Jonathan Crowe

My Correct Views on Everything

The Imaginarium Geographica

Book cover: Here, There Be Dragons My search for examples of maps being used as a fantasy fiction trope brought me to the works of James A. Owen, namely, his Imaginarium Geographica series of young-adult novels, six volumes and counting. This series takes multiple myths, fairy stories and more conventional works of fiction, from many different eras and traditions, and tosses them together in a mythic bouillabaise. Its setting is the “Archipelago of Dreams,” where every imaginary place — “Ouroboros, Schlaraffenland and Poictesme, Lilliput and Mongo and Islandia and Thule, Pellucidar and Prydain”1 — can be found.

It sounds very meta, but it doesn’t succeed at all, at least not for me. I’m afraid I couldn’t manage past the second volume.

So many different characters and writers are thrown together that the whole fails to cohere. There are no characters who do not turn out to be some famous writer or well-known character. Not only does this make character development all but impossible, the plot becomes one surprise reveal after the other: mystery character X will end up being anyone from Mordred to H. G. Wells. At the end of the first volume, the three protagonists — Jack, John and Charles — turn out to be C. S. Lewis, J. R. R. Tolkien and Charles Williams, but, like many of the other allusions and reveals, it’s unnecessary: with all the breathless hugger-mugger that takes place they could have been anyone else without a single change in the text.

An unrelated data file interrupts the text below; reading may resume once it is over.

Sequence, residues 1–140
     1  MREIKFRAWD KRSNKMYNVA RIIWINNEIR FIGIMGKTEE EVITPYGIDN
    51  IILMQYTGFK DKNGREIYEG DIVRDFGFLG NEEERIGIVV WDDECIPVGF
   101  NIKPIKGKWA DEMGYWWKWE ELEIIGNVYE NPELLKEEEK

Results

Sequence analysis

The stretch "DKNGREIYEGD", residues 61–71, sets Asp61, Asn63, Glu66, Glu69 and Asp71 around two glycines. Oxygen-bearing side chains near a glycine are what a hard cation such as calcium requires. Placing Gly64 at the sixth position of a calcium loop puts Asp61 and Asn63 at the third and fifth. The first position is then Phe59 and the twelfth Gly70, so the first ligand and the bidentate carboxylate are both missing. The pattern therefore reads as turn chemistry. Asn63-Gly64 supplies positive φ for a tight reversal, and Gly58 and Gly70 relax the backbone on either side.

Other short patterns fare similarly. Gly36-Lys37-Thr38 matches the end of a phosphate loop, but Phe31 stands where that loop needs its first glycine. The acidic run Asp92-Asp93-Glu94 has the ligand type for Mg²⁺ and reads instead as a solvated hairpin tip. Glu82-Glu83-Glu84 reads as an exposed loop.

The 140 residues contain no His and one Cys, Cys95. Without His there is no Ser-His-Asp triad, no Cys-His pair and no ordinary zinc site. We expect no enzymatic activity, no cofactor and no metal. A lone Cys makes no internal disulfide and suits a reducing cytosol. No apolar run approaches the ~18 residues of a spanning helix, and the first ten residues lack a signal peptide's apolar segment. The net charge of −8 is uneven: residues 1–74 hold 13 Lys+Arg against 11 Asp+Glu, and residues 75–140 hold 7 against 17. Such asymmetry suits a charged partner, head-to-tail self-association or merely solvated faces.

Now in a crowded jumble of every myth and fantasy trope, character and writer prior to the 20th century, there is bound to be some reference to maps. And there is: the three protagonists are designated the keeper of the Imaginarium Geographica, an atlas that serves as a key to the entire archipelago. The phrase “Here, There Be Dragons” is used by John as a Rosetta Stone to unlock the various languages used on the map. In the first novel — also titled Here, There Be Dragons — they’re up against the Winter King, who, when he conquers a land, its map becomes shrouded in shadow. “He thumbed through several pages until he came to one of the vanished maps. It was a yellow-tinged sheet of parchment, like many of the others, but taking the place of the illuminations and notations were several large, indistinct smudges, as if the drawings had been hastily rubbed out.”2

But in the end, the Imaginarium, along with the Cartographer the protagonists visit more than once, is just one trope among many competing for the reader’s attention. It’s as though Owen is trying to juggle a dozen balls while performing as a one-man band on a high wire, desperately trying to maintain the attention of an audience who can’t sit still for more than a few minutes.

  1. James A. Owen, Here, There Be Dragons (New York: Simon and Schuster, 2006), p. 21.
  2. Owen, Here, There Be Dragons, p. 112.